Working in digital spaces – particularly open digital spaces – can help you see connections across contexts. For example, aggregating student blog posts in a course “bloggregate” (see this from Collaborative Curiosity) can make it easier-faster for you to make connections across your colleagues’ emerging ideas. Capturing all of a your assignments in one digital portfolio (or blogsite) makes it easier-faster for you to see your own improvement, growing sophistication, or connections across your work.
When I think of connected learning as an instructional designer, my mind immediately goes to the DML Research Hub connected learning framework, which encourages instructors to incorporate active, social, digital, and experiential learning into course design. Instructors create these sorts of environments so that students might have opportunities to make connections. But what does this actually mean? Among other things, it’s a way to privilege holistic and social ways of learning and being. Connected learning means examining how new ideas fit into the bigger pictures of personal lifelong learning trajectory as well as their positions within the learning community.
Connected learning is about more than seeing connections; it’s about documenting connections – making them visible for immediate and future examination. Vannevar Bush wrote about these as associative trails. Similarly, Seymour Papert spoke about making thinking visible so that it can become sharper through concrete representation and social discourse.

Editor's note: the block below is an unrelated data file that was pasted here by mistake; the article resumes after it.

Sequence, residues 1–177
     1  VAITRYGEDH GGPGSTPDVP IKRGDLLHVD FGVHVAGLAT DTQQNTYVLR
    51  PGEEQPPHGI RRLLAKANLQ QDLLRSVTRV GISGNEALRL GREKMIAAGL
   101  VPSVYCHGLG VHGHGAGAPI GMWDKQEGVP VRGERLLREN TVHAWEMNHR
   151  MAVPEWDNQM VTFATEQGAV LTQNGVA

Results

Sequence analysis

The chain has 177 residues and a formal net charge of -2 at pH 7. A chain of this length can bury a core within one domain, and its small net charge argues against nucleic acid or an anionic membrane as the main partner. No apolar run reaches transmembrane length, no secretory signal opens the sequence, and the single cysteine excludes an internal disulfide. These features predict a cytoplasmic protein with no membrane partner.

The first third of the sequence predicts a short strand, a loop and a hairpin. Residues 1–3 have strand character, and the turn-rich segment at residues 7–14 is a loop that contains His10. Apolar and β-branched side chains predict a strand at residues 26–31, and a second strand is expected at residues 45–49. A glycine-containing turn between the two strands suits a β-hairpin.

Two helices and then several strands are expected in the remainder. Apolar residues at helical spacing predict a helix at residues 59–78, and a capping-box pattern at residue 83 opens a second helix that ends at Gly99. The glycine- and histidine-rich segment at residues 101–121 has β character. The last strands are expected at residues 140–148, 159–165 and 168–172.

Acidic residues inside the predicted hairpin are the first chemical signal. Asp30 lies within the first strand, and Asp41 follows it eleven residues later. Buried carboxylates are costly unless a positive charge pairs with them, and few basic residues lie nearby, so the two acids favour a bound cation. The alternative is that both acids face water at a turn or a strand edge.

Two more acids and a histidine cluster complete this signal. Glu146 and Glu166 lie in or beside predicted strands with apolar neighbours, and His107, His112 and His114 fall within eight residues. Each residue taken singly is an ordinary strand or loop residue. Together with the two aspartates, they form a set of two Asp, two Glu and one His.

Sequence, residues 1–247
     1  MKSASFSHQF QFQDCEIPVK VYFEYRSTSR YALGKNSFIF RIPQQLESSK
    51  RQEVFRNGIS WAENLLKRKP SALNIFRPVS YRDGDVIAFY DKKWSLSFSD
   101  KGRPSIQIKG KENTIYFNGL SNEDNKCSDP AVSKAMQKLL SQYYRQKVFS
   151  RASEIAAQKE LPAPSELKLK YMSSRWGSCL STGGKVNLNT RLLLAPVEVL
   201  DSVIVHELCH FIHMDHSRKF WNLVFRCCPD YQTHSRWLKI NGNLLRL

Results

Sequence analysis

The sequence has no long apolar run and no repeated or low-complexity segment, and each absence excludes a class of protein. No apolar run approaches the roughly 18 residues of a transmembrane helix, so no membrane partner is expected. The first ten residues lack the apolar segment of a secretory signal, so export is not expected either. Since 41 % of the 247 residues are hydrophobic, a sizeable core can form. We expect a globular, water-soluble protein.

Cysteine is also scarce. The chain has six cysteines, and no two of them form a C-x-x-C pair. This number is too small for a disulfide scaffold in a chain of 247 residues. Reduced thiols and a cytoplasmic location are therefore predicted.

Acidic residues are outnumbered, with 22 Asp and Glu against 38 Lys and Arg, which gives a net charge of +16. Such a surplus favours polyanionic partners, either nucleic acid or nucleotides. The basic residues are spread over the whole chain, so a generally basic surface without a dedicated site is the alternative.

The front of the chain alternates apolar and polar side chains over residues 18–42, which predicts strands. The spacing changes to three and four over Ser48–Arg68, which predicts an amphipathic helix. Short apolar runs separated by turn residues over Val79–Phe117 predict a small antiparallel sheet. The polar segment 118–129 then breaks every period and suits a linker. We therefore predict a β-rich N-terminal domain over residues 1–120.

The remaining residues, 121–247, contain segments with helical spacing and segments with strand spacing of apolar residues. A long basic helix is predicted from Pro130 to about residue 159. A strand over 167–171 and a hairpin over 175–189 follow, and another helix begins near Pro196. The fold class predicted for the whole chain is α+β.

Hyperlinking and embedding materials are great ways to create connections through your work. Making a hyperlink or embedding an image or video are concrete acts – not just fleeting thoughts. They take time and, in doing so, make you work harder and think longer on exactly what you are trying to achieve. By hyperlinking and embedding, we have opportunities to reveal patterns, to understand how coursework is relevant to us and our lives, to reflect on how far we have come, and to make plans about where we are going. We document these paths – not only for ourselves but for our audience so that they might understand our perspectives a little better and comment on our paths.
There are a variety of reasons why a connected learner should take a moment to connect across their own work. Here are some great examples that have emerged recently from Collaborative Curiosity.
1. To draw connections within coursework.
2. To draw connections across modalities.
3. To draw connections across personal contexts.
4. To draw connections across digital platforms.
Finally, here’s an example of Serra hyperlinking in a Twitter chat to her blog post – she used it very effectively to make a point/provide an example; however the act also allowed her to very explicitly make connections between the class conversation on Twitter and her recent work on her blog posts.
— sjtdea (@sjtdea) June 9, 2016